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Franken’s amendment on rape included in appropriations bill

WASHINGTON, D.C. — An amendment offered by Sen.

WASHINGTON, D.C. — An amendment offered by Sen. Al Franken that would withhold defense contracts from contractors if they restrict their employees from taking workplace sexual assault, battery and discrimination cases to court has been included in the final Defense Department appropriations bill, which is scheduled for a floor vote in the House today.

The measure was prompted by the case of Jamie Leigh Jones, a former Halliburton/KBR employee who has alleged that she was raped by several co-workers while working in Iraq in 2005. Jones told reporters in October, after the amendment passed in the Senate that its adoption “means that every tear shed to go public and repeat my story over and over again to make a difference for other women was worth it.”

“Jamie Leigh Jones is a strong, courageous woman, who used her own horrific experience to inspire change. I am honored to know her, and honored to have been a part of her cause,” Franken said today.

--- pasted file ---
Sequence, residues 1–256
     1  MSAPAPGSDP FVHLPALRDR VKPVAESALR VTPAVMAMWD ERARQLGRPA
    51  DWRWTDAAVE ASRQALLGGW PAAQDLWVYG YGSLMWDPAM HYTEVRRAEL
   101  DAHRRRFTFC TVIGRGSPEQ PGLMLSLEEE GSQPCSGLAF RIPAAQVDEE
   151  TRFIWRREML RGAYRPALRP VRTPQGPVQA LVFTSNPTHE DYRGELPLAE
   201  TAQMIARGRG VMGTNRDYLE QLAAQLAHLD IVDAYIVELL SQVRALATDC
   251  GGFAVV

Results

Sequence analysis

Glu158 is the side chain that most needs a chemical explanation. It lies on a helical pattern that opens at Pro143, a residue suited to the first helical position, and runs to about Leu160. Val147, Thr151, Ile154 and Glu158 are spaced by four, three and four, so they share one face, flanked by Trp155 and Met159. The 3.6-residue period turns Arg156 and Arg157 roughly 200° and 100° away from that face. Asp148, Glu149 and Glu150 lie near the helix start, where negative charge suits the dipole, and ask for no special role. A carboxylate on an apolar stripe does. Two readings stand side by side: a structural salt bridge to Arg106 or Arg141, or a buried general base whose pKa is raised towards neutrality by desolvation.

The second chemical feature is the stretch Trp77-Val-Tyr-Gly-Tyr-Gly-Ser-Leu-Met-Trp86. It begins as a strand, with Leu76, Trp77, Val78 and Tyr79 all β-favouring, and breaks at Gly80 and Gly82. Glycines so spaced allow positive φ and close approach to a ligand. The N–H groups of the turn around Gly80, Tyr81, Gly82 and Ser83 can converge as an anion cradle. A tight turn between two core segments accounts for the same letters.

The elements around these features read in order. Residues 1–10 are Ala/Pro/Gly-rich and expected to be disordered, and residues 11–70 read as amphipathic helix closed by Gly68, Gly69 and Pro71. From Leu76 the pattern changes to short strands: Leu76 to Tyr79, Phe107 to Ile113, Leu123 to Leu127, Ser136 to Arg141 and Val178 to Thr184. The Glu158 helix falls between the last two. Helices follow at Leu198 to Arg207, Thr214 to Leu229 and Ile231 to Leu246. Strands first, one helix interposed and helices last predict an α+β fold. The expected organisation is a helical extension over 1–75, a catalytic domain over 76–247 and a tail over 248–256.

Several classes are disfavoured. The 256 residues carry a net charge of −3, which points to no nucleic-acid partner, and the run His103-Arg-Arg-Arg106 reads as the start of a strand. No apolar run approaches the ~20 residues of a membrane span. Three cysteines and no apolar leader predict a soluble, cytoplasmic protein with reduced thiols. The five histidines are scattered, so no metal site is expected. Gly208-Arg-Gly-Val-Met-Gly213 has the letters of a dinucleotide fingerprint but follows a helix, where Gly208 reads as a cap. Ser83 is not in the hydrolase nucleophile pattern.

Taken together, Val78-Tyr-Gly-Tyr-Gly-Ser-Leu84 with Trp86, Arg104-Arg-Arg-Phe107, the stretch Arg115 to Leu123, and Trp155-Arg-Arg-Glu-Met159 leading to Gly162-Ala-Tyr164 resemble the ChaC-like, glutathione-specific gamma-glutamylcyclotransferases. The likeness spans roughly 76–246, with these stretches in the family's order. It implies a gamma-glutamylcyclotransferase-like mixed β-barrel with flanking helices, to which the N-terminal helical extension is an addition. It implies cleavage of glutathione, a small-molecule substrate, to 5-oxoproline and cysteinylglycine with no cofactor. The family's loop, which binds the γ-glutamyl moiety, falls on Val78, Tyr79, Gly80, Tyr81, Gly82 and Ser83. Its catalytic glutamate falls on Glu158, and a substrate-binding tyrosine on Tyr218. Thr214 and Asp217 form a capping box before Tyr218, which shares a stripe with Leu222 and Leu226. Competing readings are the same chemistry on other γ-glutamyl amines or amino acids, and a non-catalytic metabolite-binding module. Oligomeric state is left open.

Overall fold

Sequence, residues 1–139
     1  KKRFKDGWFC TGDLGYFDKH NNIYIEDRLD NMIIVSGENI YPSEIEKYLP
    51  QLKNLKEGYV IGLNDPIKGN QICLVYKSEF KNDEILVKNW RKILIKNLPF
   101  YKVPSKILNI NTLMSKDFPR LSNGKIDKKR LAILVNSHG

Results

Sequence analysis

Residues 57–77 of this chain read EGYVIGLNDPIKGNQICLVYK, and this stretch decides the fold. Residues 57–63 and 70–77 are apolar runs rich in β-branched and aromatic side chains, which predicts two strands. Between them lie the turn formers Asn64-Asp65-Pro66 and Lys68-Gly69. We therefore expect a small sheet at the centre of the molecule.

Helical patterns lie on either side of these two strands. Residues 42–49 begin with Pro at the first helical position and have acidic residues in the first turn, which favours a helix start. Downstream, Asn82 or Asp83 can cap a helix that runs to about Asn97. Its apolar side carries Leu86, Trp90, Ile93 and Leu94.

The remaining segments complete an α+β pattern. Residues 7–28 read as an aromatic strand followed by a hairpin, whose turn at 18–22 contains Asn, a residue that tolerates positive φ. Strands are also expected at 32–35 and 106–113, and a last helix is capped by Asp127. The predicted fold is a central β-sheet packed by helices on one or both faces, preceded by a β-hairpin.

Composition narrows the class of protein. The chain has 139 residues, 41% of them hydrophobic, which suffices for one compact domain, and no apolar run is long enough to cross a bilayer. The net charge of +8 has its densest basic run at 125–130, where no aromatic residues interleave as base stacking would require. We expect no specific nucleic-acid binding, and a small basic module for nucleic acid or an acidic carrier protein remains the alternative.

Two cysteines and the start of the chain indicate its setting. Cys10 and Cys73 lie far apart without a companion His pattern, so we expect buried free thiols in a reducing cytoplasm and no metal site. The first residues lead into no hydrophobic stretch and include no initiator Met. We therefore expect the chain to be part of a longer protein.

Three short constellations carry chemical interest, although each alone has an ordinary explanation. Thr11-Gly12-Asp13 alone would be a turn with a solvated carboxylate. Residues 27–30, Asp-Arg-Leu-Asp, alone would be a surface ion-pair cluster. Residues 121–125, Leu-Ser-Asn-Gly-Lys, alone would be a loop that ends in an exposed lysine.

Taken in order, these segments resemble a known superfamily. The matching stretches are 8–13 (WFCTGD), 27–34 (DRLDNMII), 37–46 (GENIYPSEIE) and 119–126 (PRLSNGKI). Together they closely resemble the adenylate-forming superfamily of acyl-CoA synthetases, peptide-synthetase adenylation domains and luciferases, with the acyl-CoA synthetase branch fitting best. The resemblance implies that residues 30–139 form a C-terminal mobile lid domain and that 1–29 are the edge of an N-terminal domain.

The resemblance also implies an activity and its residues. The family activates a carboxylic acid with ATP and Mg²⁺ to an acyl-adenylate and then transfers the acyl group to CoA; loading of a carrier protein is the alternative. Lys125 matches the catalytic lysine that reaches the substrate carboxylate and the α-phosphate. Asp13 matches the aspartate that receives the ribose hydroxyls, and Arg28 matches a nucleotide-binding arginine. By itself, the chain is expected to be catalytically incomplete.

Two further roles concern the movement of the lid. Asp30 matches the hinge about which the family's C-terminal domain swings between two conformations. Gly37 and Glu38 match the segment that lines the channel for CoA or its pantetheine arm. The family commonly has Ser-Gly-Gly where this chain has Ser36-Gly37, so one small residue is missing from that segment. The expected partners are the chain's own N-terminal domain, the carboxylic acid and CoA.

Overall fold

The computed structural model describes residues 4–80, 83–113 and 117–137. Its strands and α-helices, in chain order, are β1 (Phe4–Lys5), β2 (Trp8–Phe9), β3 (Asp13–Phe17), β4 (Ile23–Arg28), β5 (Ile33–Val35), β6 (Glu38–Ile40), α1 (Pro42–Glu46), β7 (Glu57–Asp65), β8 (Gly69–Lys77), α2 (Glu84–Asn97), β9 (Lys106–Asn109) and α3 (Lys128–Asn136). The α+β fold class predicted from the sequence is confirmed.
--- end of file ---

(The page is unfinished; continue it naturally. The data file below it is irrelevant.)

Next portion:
If the Defense appropriations bill is approved as expected, the inclusion would be a major win for Franken, given the political firestorm that erupted shortly after the amendment passed in the Senate. Several of the Republicans who voted against the measure were angrily confronted by activists who accused them of being “pro-rape.” They, in turn, directed their ire at Franken, accusing him of not doing enough to shield them from such accusations (though Franken has said repeatedly he thinks characterizations of GOP senators as “pro-rape” are unfair).

Two conditions were placed on the measure. The first would restrict the policy to just contracts in excess of $1 million — a vast majority of them. The second is a waiver for national security purposes that is anything but standard. National security waivers are often invoked for anything under the sun at the Defense Department, which by virtue of its mission deals with matters of national security all the time.

This waiver, however, requires the secretary of Defense to personally approve the waiver, then submit a report on why he or she made that call to Congress — along with all the alternative plans considered in lieu of a waiver that were ultimately rejected.

The entire bill can be read here. The Jamie Leigh Jones amendment is Sec. 8116 on pages 113-115.